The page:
Santa Barbara County Jail | Credit: Daniel Dreifuss (file)

Amid the Santa Barbara County Jail’s largest COVID-19 outbreak thus far, several inmates alleged unsafe conditions and forced COVID-19 exposure in the jail. The Public Defender’s Office is requesting that the court order County Sheriff Bill Brown to cease alleged malpractices and provide detailed virus data to the courts.

“My client’s concern is that a court order is a serious matter,” said Michelle Montez, the legal counsel for the Sheriff’s Office, at the Friday hearing. “…Because of the specificity of these, I just think we are at a point where we could have handled them informally at first, and if the jail didn’t follow through, then a court order would be more appropriate.”

More than 80 inmates have tested positive inside the jail since the pandemic began. There were 39 new cases over the week of August 28 and September 4 alone. The county is also teetering on the purple tier of the state’s color-coded COVID-19 monitoring system, the most severe color rating. In order for the state to allow further business reopenings, the county has to get out of the purple zone ― which makes quashing the jail outbreak even more crucial.

There are 11 recommended orders by the Public Defender’s Office that stem from the inmates’ allegations. One plaintiff, Esteban Guerra, claimed in his declaration that he was one of four inmates housed in a three-person cell before two of his cellmates were removed after receiving positive COVID-19 tests.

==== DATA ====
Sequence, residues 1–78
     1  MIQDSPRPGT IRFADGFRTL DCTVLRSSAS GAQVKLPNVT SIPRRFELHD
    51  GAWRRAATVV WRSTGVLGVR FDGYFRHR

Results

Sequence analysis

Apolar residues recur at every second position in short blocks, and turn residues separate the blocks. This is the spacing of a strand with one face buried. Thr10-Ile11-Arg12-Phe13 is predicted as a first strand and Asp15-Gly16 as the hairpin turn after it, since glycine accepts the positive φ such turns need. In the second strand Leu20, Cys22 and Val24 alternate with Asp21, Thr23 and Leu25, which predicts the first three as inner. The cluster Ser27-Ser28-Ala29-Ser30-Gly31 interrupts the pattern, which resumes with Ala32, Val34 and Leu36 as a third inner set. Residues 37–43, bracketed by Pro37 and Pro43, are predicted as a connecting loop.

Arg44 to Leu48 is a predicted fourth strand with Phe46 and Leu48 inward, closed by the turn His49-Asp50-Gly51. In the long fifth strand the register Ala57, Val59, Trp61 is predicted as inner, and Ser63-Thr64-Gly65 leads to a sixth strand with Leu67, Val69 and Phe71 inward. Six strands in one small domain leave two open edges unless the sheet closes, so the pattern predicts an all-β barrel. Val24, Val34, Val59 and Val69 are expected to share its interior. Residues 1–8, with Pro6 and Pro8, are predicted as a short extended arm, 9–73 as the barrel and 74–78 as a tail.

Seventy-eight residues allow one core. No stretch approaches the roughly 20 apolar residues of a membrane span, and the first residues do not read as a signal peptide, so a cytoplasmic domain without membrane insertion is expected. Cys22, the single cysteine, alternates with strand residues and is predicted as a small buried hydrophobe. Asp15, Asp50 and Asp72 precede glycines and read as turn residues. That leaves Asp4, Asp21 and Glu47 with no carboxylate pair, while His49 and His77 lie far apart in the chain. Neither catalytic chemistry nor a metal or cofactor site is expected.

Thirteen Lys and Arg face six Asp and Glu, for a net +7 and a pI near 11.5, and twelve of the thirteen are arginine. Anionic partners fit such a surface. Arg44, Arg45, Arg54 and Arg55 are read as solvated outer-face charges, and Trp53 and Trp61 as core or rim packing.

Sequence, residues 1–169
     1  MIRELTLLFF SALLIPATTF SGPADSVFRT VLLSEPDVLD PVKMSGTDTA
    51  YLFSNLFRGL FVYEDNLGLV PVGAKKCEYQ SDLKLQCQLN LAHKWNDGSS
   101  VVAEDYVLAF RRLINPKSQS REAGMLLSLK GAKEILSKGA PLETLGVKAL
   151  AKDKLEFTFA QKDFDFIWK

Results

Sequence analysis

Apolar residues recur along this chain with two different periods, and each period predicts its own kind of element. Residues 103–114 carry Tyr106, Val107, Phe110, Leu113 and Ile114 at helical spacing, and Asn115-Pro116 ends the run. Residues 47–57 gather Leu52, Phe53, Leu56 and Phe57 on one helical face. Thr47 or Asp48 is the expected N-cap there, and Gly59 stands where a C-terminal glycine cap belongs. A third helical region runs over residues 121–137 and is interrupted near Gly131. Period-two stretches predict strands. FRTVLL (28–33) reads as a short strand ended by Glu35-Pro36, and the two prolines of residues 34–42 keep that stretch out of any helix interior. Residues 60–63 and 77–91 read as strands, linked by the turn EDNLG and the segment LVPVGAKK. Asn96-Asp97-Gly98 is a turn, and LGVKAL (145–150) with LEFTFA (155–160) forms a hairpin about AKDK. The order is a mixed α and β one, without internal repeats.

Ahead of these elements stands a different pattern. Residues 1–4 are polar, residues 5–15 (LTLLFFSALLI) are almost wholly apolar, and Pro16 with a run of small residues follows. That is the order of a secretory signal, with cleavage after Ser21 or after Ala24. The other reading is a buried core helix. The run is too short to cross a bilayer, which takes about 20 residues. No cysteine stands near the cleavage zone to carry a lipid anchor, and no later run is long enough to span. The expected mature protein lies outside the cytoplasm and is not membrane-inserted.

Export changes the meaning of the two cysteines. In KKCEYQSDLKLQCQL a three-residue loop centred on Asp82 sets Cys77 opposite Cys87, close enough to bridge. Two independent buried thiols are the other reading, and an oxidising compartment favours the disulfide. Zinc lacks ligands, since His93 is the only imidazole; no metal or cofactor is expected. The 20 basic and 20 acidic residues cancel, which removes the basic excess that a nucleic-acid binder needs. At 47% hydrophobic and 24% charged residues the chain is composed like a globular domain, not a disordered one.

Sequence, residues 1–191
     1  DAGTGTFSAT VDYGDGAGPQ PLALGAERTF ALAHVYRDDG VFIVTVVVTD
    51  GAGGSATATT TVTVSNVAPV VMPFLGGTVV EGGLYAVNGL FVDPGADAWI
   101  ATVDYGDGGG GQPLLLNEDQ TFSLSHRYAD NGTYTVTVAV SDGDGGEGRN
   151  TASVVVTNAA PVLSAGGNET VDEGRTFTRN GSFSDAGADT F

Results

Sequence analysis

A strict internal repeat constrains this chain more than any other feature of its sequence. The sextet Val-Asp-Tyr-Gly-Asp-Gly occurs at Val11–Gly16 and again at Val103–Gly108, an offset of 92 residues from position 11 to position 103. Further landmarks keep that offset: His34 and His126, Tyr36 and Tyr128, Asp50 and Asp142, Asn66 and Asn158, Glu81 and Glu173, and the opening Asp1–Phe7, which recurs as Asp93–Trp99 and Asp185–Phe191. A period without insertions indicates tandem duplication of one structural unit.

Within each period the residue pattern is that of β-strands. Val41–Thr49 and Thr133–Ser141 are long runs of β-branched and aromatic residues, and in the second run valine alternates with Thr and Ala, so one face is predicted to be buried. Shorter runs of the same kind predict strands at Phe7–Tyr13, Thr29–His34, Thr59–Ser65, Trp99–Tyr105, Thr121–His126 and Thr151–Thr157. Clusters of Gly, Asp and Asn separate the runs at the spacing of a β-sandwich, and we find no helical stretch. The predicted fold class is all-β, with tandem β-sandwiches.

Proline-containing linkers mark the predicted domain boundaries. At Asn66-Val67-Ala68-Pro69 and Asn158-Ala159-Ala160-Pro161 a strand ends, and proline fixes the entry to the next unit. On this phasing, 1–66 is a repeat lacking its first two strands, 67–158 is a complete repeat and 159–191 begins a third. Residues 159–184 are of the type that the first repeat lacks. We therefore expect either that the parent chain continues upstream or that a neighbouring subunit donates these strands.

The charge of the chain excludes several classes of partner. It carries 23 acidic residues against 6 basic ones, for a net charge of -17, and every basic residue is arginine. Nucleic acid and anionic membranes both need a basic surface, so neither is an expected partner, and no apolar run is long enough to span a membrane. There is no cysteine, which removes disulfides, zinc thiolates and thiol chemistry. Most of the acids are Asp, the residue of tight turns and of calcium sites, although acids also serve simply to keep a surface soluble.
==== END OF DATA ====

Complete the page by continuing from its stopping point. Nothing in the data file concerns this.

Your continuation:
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He said that he was ordered by an officer to clean up the linens of the two COVID-positive inmates without any personal protective equipment (PPE) despite the officer and a nurse entering the cell in full protective suits.

His public defender, Lori Pedigo, also told Judge Brian Hill that her client was not allowed to shower after coming into contact with the linen and that on a separate occasion he was made to unclog a toilet used by a COVID-19-positive inmate without PPE. In the declaration, Guerra said the feces of one of the positive inmates were clogged for five hours before he and the remaining inmate were given a plunger to unclog the toilet.

Public defender Mindi Boulet said that the declaration was a confirmation of similar circumstances alleged by her clients in the past, too.

“Inmate Guerra had tried to hold onto the linens of the other inmate,” Chief Custody Deputy to the Sheriff’s Office Vincent Wasilewski explained to Hill. “They frequently do that in our facility and try to get as many blankets and sheets as they can…. The deputy who was removing [the other inmate] noticed that he didn’t have his linens and made him go back to his cell to get the linens.”

Wasilewski also said that it was normal protocol for inmates to clean their own areas and unclog the toilet in their own cells and that the inmate was given a plunger within an hour of asking for it. However, he also acknowledged that PPE has not been provided to inmates for those purposes, though he agreed to make that accommodation immediately without any court order.

The crowded cell situation isn’t such an easy fix.